4/6/20 – There Can Be No Hermits published in The Colored Lens
The Colored Lens just released their Spring 2020 issue with my story “There Can Be No Hermits”. This story means a lot to me, not just because it’s my first story published in a magazine that people actually pay money for, but because the topic is something I feel strongly about—the need for solitude, independence, and the desire to break away from the absurd pressures of social life. The title sort of comes from a D.H. Lawrence passage that goes, “A man could no longer be private and withdrawn. The world allows no hermits.” You can find the longer version of the passage on my favorite quotes page.
Get your digital copy of the magazine here.
3/22/20 – The Offspring of Your Dreams published in Fat Cat Magazine
Fat Cat Magazine published “The Offspring of Your Dreams”. This one has some uncomfortable subject matter, but the questions are worth thinking about. What if you could know what your future child’s personality would be like? What if technology enabled you to hear your hypothetical child speak to you as an adult? Would mothers be more selective about which embryos they keep if they knew what kind of adult they’d be bringing into the world?
On another note, this is my first time getting a third-person perspective story published. I’ve written a few others, but I have a much harder time writing them. After writing short stories for about a year now I’ve discovered that I almost exclusively prefer writing first-person narrators. I don’t know why. Maybe I’ll have more insight into this down the road. It could be that my favorite kinds of stories read like the narrator is having a conversation with you, and that’s just what I naturally go for. Also, this is my first story featuring only female characters. So thanks to Fat Cat for accepting this story. Check it out here, because how could you not want to read a magazine called Fat Cat? Their logo is the best. Thanks, Morgana. Keep up the good editing work.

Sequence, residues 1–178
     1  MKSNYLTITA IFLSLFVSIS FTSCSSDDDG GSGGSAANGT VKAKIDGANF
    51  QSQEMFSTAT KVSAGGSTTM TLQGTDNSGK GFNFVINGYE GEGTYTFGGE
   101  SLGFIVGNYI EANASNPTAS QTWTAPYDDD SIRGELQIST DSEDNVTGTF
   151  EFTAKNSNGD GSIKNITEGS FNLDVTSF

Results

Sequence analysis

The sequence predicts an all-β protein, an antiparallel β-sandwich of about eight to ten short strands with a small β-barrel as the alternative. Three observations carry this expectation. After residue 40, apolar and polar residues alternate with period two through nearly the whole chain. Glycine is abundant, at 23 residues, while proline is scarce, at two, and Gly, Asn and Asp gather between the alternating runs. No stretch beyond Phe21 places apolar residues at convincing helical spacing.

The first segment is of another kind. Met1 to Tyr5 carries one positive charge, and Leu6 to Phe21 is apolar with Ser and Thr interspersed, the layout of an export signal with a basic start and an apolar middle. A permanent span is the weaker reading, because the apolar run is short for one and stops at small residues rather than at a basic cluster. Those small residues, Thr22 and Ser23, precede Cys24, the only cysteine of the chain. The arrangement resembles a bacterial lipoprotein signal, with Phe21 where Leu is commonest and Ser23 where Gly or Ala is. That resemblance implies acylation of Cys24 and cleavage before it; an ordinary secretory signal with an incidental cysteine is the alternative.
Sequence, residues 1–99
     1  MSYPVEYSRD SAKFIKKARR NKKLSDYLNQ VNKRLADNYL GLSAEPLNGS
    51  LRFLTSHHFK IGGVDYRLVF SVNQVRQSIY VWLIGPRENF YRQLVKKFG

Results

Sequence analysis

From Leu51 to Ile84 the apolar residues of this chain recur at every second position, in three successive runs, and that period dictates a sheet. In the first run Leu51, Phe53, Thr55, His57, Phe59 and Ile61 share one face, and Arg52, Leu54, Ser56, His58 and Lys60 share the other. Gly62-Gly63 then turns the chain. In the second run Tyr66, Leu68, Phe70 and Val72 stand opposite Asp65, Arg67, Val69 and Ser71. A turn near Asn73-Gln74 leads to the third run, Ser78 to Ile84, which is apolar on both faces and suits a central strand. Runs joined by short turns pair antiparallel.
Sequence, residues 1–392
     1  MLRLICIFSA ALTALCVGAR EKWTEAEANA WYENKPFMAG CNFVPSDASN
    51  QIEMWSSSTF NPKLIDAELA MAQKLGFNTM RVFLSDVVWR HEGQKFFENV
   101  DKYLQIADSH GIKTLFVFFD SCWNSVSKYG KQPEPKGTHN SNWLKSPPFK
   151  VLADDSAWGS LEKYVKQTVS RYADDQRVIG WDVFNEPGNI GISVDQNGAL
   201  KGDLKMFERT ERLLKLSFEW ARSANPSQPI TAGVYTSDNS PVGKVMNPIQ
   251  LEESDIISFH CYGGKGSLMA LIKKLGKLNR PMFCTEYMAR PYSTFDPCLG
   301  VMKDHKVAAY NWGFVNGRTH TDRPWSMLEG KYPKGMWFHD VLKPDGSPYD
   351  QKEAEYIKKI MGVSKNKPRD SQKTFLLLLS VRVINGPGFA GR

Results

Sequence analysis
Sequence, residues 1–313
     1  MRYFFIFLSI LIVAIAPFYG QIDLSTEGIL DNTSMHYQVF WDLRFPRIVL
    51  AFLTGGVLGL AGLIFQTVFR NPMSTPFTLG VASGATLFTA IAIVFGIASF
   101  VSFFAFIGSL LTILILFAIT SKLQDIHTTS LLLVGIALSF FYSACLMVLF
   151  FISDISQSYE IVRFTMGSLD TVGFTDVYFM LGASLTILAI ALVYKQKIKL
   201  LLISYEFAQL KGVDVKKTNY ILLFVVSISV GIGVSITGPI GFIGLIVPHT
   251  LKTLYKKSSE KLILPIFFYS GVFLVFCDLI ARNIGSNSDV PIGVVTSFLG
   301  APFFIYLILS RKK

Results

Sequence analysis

12/24/19 – Glyphie’s Gift published in Exoplanet Magazine
New short story published in Exoplanet Magazine called Glyphie’s Gift. A grandma with dementia finds an unlikely friend in a furry alien who loves hearing her talk. This one is really about what it’s like to feel socially irrelevant and how alienating it can be when no one really listens to you or takes anything you say seriously. Aging and disease can be tragically off-putting, and here the loss of one’s memories in Alzheimer’s functions as a parallel to the premise of extraterrestrials feeding on the conscious thoughts of sentient beings. Thanks to Will at Exoplanet for the helpful editing and suggestions. The story got rejected a few times under a couple different titles and with slightly different endings. I’m glad it found a home at Exoplanet.
11/14/19 – Obsolescence published in Visitant Lit
New fiction published. This one is dedicated to my old friend, my 2007 Black Macbook. She got me through many good years. Also, I want to commend Visitant Lit for the beautiful design of their site and for their perfect pairings of photos with the poems and stories they publish. Check it out at: Visitant Lit
9/1/19 – Weekly Progress Meeting published in Blue Lake Review